Uncle Herbert

 

Uncle Herbert was a sober man
He dressed in black and wore a hat
Never joked and rarely smiled
He wasn't having anything of that. 

Uncle Herbert was a worthy man
Owner of a foundry farm
Whom folk regarded with respect
Not a man to cause alarm. 

Uncle Herbert married well
She was the landed gentry's niece
They laboured hard and saved their pounds
Lived a life of social ease. 

My grand-dad was a poor man
He dressed in what he could
Never was in steady work
His home a bungalow of wood. 

Uncle Herbert and Auntie Annie came to call on us in summer
And sat with Gran and Grand-dad on the lawn among the flowers.
Reliving deeds and thoughts of old
They talked for hours and hours. 

"Do you recall that deal I made?
The money earned
The money spent.
Bought this suit
And Annie's hat
With some over we could save.
That's the time that you w 

You went off to fight in France
At Mons and River Marne
Left the best years of your life
At Paschendaele and on the Somme.
I stayed here and built my wealth
Invested mostly in the farm. 

 

All you had was given up
To raise five daughters and a son.
We didn't do that sort of thing -
Then in time we had just one.
Our father would be proud to see
Of what I've made
From all he handed down to me.
I have the trappings of success
Have never spoiled myself
Done nothing to excess.
Hard but in all things fair
I do not cheat, or drink or swear. 

And you, my brother Harry, what can I say of you?
About your language, about your style, and everything you do?
Mother would have forty shocks -
I'm sure she'd never dream
That you would drink, smoke, curse and
Even now blaspheme".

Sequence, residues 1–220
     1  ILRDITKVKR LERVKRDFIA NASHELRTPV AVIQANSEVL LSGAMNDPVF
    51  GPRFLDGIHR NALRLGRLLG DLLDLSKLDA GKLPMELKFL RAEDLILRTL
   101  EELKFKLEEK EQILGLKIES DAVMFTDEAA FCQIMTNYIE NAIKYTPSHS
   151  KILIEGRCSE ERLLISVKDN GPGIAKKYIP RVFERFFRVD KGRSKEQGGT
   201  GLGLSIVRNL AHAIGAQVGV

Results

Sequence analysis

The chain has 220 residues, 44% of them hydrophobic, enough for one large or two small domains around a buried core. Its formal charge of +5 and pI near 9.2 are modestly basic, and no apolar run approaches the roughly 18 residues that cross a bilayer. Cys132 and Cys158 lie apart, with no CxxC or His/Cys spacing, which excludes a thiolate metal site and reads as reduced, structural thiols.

The sun began its slow descent behind the dark elm trees.
Gran pulled on her cardigan against the evening  breeze.
Uncle Herbert observed his watch, tut-tutted about the hour,
Put on his hat, took up his stick, and said they had to leave. 

Then I was coming up to eight,
Walking to the garden-gate
Between these two old men
Their words impressed me even then
A piece of rural philosophy
That stays within my memory. 

"Harry, brother Harry, how much I envy you".
My grand-dad stopped and looked askance
Herbert went on without a glance:
"How much I envy you". 

"But Herbert you have everything
Wealth, health
And years ahead.
Respect and reputation.
Things I have never had". 

"Years of anguish.
Years of sorrow.
Of loneliness as well.
We had no time for fun or friend
And now we face a lonesome end". 

Grand-dad laughed:
"Herbert, you have the wherewithal -
Before you go to God -
To live in style and luxury.
You miserable old sod !
You envy me my poverty, my war-wound
And this humble house
This plot of garden-land". 

Uncle Herbert twitched his whiskers
And said in a voice that was just a whisper.
"I do have money in the bank, position and social rank
And everything I sought to do -
But still I envy you.

I've been content but never happy
That's why I envy you, my brother Harry,
Your memories that they cannot take away.
I envy you your memories
On each and every day". 

Uncle Herbert was a sober man
A sombre, sober man.

   
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